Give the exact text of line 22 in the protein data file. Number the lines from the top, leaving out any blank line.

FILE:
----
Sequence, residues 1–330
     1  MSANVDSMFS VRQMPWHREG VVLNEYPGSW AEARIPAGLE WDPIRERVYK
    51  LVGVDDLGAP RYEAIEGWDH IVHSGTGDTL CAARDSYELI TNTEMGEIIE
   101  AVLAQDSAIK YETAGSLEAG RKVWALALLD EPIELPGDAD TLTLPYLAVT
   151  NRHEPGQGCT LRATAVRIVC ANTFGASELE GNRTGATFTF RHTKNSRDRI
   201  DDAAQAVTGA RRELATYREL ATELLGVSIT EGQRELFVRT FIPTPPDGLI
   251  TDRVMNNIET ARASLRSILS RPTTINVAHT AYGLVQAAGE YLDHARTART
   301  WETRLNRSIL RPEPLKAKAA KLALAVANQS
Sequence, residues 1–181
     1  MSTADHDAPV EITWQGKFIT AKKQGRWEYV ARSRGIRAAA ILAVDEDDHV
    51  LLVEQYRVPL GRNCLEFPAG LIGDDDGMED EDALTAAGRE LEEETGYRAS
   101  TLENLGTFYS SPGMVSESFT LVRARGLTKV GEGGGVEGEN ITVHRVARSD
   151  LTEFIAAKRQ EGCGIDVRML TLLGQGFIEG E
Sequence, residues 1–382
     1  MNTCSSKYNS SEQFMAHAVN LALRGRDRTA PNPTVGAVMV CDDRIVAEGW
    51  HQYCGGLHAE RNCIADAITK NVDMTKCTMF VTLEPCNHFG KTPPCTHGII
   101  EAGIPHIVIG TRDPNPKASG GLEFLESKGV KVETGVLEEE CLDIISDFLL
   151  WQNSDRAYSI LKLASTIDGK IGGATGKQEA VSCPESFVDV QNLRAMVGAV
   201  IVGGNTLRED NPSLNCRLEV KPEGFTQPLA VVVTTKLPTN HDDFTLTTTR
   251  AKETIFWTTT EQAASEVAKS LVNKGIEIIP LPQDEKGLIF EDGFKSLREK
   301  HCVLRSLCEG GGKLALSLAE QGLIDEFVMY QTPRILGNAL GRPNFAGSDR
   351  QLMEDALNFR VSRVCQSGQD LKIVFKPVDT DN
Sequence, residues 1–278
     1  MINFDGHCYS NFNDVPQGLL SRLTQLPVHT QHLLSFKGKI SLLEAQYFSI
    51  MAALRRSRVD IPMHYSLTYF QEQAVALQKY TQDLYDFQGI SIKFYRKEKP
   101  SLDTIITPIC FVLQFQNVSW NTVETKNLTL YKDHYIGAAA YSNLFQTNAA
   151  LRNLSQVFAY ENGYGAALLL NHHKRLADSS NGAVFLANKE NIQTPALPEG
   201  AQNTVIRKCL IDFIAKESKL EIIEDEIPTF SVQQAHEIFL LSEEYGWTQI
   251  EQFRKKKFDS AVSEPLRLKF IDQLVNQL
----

   351  QLMEDALNFR VSRVCQSGQD LKIVFKPVDT DN